While we’re talking about tweaking the game, it’s worth mentioning that the rules include options for a “mega-game” using both sets of tiles and cards from games. I’m not sure I’d encourage an avid gamer with a “shelf of shame” to go out of their way to play the mega-game over something else, but if you’re someone who wants to get every ounce of value out of your purchases and you like to do crazy things like play Carcassonne with every expansion, I’m glad it’s there. And while there aren’t any clear rules listed about minor tweaks between one and the other, like swapping Guardians for Cave Tokens, or switching 1 or 2 cards between each game, they were very clever about choosing particular symbols that make these things possible, and I look forward to doing some minor tweaking on my own. 

The Quest for El Dorado was so slick, clean, strategic, innovative, and thematic a truly rare combination — that it really impressed me. The Golden Temples is at least 80% the same game, if not 90%, so by sheer mathematics it’s a great game as well. Truly, my two complaints are easily fixed: once you’re two games in, you’ll know what’s going on with the gold coins, and then they’re quite a fun addition after that. And the one annoying Guardian is easily left out, at least for a first game. 

So what’s the really good new stuff? Number one for me is the new layout. By having players zigzag between the temples, the board takes up less table space, and all players interact more frequently. If someone shot way ahead in El Dorado, you wouldn’t be bumping into each other much. Here, everyone is always near each other, making blocking (accidental or otherwise) far more relevant. It also makes it a bit more obscure if someone is way behind (love you, Steve), unless everyone is paying keen attention to the gems collected. Second, I love all of the new cards, paricularly the new purple cards with crazy effects.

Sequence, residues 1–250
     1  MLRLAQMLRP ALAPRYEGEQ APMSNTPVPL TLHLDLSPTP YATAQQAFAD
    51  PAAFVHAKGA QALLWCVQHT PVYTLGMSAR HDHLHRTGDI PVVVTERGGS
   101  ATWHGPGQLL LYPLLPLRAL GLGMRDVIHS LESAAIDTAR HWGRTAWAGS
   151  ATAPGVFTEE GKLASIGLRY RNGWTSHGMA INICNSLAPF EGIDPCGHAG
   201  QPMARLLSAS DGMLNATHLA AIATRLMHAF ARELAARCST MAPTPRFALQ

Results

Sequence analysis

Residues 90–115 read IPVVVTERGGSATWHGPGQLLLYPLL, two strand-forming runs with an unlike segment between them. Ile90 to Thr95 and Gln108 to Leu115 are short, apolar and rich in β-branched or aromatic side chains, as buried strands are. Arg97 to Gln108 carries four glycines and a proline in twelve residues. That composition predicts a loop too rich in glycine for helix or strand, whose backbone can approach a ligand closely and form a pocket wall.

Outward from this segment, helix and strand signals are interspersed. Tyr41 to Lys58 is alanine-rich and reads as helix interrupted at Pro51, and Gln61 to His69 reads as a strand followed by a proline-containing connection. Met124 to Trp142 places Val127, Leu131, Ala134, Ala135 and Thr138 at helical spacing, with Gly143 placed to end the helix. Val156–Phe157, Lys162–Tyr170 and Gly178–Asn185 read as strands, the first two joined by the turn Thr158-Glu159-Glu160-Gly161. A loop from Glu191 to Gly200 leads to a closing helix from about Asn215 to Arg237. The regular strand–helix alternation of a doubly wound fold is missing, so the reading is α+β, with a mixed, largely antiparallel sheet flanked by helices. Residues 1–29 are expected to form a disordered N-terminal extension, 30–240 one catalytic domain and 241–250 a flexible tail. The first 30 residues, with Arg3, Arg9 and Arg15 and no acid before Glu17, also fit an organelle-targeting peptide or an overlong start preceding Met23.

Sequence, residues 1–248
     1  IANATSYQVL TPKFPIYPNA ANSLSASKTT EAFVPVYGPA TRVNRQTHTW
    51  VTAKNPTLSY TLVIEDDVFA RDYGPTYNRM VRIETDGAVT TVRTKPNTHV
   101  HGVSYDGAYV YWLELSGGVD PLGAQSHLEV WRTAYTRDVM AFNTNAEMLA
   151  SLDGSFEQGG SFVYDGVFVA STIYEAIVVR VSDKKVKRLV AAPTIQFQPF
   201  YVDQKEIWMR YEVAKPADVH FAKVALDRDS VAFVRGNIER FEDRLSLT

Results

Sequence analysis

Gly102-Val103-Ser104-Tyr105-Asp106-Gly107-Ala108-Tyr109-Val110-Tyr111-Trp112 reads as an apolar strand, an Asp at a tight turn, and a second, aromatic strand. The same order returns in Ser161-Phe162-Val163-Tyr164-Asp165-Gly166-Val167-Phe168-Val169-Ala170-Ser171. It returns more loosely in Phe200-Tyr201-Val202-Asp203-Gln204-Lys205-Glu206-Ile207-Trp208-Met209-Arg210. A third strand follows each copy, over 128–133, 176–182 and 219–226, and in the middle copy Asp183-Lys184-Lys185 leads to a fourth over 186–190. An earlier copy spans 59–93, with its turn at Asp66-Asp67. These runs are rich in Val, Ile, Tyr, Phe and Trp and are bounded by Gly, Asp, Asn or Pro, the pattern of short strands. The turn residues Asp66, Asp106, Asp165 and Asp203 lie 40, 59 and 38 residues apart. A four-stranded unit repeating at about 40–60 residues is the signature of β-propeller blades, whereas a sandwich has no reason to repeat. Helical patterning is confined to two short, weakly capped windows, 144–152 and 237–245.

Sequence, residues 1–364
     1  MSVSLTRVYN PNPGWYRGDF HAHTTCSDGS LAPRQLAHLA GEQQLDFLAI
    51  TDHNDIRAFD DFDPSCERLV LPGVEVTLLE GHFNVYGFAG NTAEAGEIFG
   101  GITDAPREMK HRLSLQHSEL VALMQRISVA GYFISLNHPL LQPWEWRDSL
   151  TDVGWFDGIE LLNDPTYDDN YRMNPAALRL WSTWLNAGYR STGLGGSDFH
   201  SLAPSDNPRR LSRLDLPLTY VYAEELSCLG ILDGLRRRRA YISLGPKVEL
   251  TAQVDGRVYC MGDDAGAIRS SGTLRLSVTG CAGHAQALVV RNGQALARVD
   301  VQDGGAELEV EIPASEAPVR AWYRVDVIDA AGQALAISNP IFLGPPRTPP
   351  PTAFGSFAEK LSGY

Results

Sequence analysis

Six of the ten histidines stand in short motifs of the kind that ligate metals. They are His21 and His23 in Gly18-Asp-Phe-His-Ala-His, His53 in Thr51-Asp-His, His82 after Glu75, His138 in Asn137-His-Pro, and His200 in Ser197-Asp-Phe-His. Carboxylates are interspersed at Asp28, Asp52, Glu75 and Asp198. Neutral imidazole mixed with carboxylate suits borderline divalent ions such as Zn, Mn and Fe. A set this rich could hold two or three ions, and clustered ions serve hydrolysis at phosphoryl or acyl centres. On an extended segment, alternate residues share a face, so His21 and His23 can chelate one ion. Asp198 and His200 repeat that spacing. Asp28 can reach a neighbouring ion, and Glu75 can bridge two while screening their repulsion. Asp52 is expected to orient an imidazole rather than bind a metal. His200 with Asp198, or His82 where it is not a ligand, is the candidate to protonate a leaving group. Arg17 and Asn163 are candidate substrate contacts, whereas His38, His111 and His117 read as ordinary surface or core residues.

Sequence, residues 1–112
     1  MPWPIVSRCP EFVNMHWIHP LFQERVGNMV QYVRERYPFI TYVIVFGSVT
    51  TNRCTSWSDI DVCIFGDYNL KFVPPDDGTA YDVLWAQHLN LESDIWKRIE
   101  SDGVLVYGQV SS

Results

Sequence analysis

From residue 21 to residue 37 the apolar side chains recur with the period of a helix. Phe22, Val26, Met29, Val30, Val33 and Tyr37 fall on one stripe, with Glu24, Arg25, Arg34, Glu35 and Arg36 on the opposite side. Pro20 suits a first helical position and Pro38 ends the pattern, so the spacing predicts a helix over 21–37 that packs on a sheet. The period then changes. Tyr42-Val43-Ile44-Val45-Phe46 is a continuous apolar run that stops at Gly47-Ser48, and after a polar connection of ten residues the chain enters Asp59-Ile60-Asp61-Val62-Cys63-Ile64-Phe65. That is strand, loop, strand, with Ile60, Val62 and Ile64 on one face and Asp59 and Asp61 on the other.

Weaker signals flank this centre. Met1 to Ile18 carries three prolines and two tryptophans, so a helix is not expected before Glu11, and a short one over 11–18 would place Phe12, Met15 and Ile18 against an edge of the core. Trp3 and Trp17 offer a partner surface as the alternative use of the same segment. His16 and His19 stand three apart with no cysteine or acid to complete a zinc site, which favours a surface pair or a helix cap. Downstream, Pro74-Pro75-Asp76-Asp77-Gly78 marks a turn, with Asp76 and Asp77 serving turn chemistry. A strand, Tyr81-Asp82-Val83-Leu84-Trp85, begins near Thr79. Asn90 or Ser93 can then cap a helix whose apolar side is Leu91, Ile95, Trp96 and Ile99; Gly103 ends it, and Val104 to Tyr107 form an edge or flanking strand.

And really, this is how a sequel should be, right? A bit more complexity that pays off for some brand new ways to enjoy a fantastic game. I’d still encourage new players to check out The Quest for El Dorado first, but then they should race right over and pick up The Golden Temples. I’ll be playing both for a long time to come. 


*You’re not supposed to have more than 3 Gold, Steve! The game is punishing you for cheating!


Thank you to Ravensburger for providing a review copy of The Quest for El Dorado: The Golden Temples.

The Bottom Line

The Golden Temples continues to prove what a strong game systen Knizia developed with The Quest for El Dorado. It's a great game for fans of the original as well as newcomers.



Derek Thompson